There were only two girls playing football at third grade recess, and I was one of them. I loved sports, and I was never into that "let's braid each other's hair" thing anyways. There was only one boy that wanted to throw the football to a girl, and his name was Billy. This is the same boy who became my close friend through the years, and the same young man who gave me my first kiss at the end of eighth grade. He is also the same guy I saw at a grocery store I worked in one winter after high school, hiding my face because I didn't want to be recognized. That was the last time I ever saw him.
That summer, I had received a call from my friend that Billy had been in an accident and was badly injured. I was very shaken up, but after daily follow-ups, I believed he was getting better. We both did. One week later, my friend called me at work and left a voicemail. I went into the bathroom to listen, and found out that he had passed. I tried to keep it together at work, but I couldn't even speak...I was choking on my tears. My manager sent me home, and when I got home I couldn't even talk to my parents. I didn't want to. I went on a long bike ride around my neighborhood, listening to the sounds of summer; the birds, the crickets, the light breeze, the wheels on the pavement. It was early August, and the sunset was the most perfect I'd seen.
The funny thing is, after that first kiss in eighth grade, I moved to a different town and lost touch with a lot of my childhood friends, including Billy. I may have seen him at a party or two, but I don't recall ever really speaking to him again. We may lose touch with people, but we don't lose the memories, and I had so many that I still cherish to this day.
After he passed, I would often check his Facebook page and read all the posts people wrote. I cried a lot when reading about the memories and the broken hearts of his closest friends and family, the fact that he was too young and that this was too close to home. I had so many dreams about him that I often woke up having to remind myself that he is no longer with us. The dreams were frequent, then as time went on they became occasional, and then they disappeared. Then one morning I woke up reminiscing about the most vividly adventurous dream I have ever had. Billy and I were sitting next to each other on a train, talking and laughing. The train was fast but serene, gliding through forests, rivers, and fields of flowers. I had to write about it. No, I had to sing about it. No, I had to write a song about it.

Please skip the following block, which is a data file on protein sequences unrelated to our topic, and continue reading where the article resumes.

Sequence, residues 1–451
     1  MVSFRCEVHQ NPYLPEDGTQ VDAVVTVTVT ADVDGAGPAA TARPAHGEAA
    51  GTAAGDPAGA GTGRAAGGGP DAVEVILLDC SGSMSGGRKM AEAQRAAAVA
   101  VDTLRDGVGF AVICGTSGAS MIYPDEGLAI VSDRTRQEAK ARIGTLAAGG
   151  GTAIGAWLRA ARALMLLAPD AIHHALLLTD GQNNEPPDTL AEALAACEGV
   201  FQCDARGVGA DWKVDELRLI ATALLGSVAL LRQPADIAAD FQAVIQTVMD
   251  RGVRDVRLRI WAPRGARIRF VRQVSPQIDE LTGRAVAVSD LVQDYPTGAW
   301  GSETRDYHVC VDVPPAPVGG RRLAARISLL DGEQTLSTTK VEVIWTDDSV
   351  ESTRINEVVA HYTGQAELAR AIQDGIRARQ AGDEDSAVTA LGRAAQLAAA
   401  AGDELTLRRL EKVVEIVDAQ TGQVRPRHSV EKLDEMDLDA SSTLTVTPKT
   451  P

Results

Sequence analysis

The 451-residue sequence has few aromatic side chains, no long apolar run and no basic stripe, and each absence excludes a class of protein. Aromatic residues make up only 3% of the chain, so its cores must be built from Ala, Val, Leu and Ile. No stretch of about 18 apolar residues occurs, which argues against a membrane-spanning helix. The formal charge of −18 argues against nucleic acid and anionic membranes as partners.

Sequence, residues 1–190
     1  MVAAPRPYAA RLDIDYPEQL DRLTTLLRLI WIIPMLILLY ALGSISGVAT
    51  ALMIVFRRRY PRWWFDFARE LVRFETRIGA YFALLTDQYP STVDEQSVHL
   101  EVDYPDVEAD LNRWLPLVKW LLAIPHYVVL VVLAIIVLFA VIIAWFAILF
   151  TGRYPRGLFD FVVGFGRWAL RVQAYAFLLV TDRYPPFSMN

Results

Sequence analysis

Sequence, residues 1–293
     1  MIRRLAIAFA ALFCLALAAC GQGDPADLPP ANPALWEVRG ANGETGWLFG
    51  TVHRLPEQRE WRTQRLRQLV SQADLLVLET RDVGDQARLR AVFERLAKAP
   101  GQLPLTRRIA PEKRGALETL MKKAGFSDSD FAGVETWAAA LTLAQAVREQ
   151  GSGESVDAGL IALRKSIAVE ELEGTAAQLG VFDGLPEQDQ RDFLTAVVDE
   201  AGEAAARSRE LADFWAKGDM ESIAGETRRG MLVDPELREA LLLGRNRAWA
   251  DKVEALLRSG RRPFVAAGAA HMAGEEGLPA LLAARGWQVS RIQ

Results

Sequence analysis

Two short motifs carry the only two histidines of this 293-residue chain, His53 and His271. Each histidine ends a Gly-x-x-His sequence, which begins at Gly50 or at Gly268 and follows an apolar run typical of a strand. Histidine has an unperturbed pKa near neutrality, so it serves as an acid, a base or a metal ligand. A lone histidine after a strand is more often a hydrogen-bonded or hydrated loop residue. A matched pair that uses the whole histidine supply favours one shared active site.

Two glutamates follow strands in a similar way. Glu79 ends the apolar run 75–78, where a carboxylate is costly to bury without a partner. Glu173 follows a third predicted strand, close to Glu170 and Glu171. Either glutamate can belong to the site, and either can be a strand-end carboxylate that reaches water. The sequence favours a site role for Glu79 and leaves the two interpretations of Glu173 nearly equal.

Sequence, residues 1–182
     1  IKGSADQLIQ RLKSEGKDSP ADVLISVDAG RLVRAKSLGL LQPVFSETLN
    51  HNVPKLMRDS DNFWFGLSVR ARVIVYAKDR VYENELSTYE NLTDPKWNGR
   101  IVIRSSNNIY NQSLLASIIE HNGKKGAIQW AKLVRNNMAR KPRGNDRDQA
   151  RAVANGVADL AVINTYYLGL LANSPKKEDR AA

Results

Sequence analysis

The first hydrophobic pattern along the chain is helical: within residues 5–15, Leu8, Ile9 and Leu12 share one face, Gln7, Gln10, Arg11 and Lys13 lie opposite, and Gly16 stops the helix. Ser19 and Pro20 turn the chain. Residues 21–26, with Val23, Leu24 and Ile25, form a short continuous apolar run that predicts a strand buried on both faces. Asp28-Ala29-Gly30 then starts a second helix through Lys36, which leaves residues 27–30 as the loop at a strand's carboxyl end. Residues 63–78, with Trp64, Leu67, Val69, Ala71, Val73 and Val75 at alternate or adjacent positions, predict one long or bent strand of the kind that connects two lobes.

"The Flowers" is for anyone who has lost someone they loved. Though the idea of the song is sad, the inspiration came from a place of comfort, and I wanted to feel that in the music. The song is very emotional, but it provides a sense of hope that you can see loved ones you lost again if you just "go to sleep." When I wrote "The Flowers" I knew it was special and I knew I wanted to record it, but I wasn't sure if people who didn't know Billy would connect to the song. After releasing it, some of my friends said that it was the best song I've ever written.
I've recently been including it in my live shows, taking the advice of one of my friends to play it on the piano. At my first Sofar Sounds show, I included "The Flowers" in my set, performing in the middle of a Butterfly Pavilion. After the show, a woman came up to me teary-eyed and told me that between the lyrics of the song and the butterflies flying over us, she was deeply moved. I was so humbled by her comment, and honestly impressed that people were really listening to the words and feeling something. At another show not too long ago, a young woman came up to me and told me she loved the song, and that it made her cry. She told me she recently lost her mother, and as I write this I am trying to hold back tears! It is so amazing and wondrous to hear that a song I wrote moved someone, especially one as personal as this.
I had asked my very close friend if she could draw the cover art for "The Flowers." I had sent her the song along with the lyrics and some photos I found online so she had some idea of what I wanted. She ended up painting this beautiful image on a canvas, and took a photo of it for the cover. She was going to gift the painting to me, but just after the song came out, her cousin passed away. Her grandmother was so distraught over it that she gave the painting to her, and I thought that was really special.